In the news this week: Not a lot of market-moving economic or corporate news due out this week. In any case, it seems unlikely that anyone will pay attention to news headlines that do not contain the term “corona virus” in them!
Summary: For weeks now, ROOF Ratios have acted like a smoke alarm whose job it is to let people know when and where there is a fire, not how to evacuate the building. For the first three weeks of February, markets treated signs of rising risk aversion as aberrations; lightning from a clear blue sky. In the three weeks following this cognitive dissonance, they have gone from cocky ignorance to miserable uncertainty, as if the virus itself had come to skewer their hubris for attempting to make a positive forecast. This week’s ROOF ratios don’t seem to say that the situation is completely hopeless, but they don’t seem very hopeful either. Perhaps it is ‘regret’ that they point to now? Psychologists describe regret as an emotion born from experience (i.e. having invested when risk was high, and confidence was low) that leads a person to avoid punishment in the future (i.e. don’t do that again!). If this is true, it may take more than a few sanitizing days for the balance between the demand and supply of risk assets to return to equilibrium.
- Sentiment in the US joins Japan and Developed Europe ending last week in bearish territory (ROOF Ratio <-0.5) as Covid-19 cases there rise and begin to affect businesses.
- All other markets remain in the neutral zone, where they have been for some time, and will continue to take their cues from CNN.
- Volatility and uncertainty continue to rise and impede investor’s ability to forecast returns. In the face of rising expected losses from stress test with updated volatility and correlation inputs, risk appetite should continue to remain too low for a market rally to be sustainable.
- Sentiment is weak (weakest in developed Europe, Japan and the US) but it isn’t yet at new lows (all three reached -1.0 in Q4 last year) indicating that investors are still torn between their fears and the alure of sharply lower valuations, although the latter is now in doubt.
- The economic impact of Covid-19 is still on the ascendency making earning forecasts a moving target. Concerted monetary and fiscal stimulus should cushion the blow for investors.
Sentiment in the US headed for bearish territory last week and is forecasted to cross into it this week.
US ROOF ratios dipped further into negative territory ending the week against the bearish indicator line (-0.5) without crossing it but are forecasted to dip into bearish territory during the week. The daily ROOF Scores show that last Friday saw the highest risk aversion and lowest risk tolerance scores in the last four years (risk aversion was last higher on Feb 9th, 2016). Given that much (>2-standard deviation) negative confirmation bias, it is not surprising to see the kind of over-reaction we saw Monday on the back of negative news. With risk tolerance this low, it will take a while before a rally becomes sustainable.
Both the spread and the economic impact of the Covid-19 outbreak continues to rise and will make forecasting earnings a very difficult task for weeks to come. In the meantime, investors are hoping for concerted monetary and fiscal measures to cushion the blow but given their strong negative confirmation bias, communication around these measures needs to be done with the utmost care – the goal is to calm, not frighten (or bullie).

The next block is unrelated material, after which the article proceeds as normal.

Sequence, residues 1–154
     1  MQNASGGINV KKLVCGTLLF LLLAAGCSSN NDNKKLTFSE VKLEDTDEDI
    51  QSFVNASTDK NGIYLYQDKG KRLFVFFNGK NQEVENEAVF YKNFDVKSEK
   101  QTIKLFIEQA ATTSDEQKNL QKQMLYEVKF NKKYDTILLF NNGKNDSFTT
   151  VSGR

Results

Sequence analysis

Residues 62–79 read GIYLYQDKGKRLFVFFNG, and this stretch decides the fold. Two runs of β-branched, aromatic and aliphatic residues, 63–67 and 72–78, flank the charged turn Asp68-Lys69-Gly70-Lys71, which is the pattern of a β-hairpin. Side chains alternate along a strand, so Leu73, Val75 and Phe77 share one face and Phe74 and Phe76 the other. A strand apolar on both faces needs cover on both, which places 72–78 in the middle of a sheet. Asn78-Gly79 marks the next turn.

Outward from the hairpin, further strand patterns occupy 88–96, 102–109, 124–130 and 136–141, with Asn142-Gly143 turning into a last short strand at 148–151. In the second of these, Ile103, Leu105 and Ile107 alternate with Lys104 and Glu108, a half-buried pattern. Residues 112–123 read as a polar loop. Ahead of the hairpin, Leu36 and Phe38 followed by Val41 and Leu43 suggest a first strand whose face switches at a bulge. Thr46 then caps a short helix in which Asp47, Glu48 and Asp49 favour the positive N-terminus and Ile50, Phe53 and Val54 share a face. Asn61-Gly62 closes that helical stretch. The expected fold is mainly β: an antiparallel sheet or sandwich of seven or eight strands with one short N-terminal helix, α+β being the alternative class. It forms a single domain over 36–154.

Sentiment in Japan remains in bearish territory, albeit barely, and is forecasted to remain in this unsupportive state this week.
Japanese investors remain bearish and continue to have a negative confirmation bias. Beyond the threat to the economy from the viral outbreak, the sharply stronger JPY and news of several international sporting events being canceled around the world are acting as triggers for this bearish sentiment. Monetary stimulus would only hurt banks and insurance companies at this point so the rising risk tolerance sub-score we see in the daily ROOF Scores seems to be expecting another massive stock purchase program by the BoJ.
In this bearish state of mind, investors need to be given a reason not to sell and are unlikely to be moved by reasons to buy. The negative confirmation bias means that they expect the impact on earnings to confirm their worst fears. They will need to wait until after the April-May earnings season and the revised analysts’ forecasts to find out.
Sentiment among global developed market investors remains on a downtrend and seems headed for bearish territory.
Sentiment in global developed markets continues to weaken in tandem with all others but remains in the lower half of the neutral territory for now. Here too, rising risk aversion is the main driver of fear, not falling risk tolerance. This is typical of a market in which investors are looking with skepticism at their previous earning forecasts and valuations but are not yet ready to completely discount them. In the meantime, the available news about the worsening impact of the Covid-19 outbreak makes them react to their bearish confirmation bias.
A global pandemic means that cross-country correlations are high and therefore diversification low. Global investors will likely see their active risk levels rise and will need to see a concerted monetary and fiscal response instead of finger-pointing and unilateral decisions that may help one country at the cost of another in their portfolio. Short of that, the sentimental trend isn’t our friend here.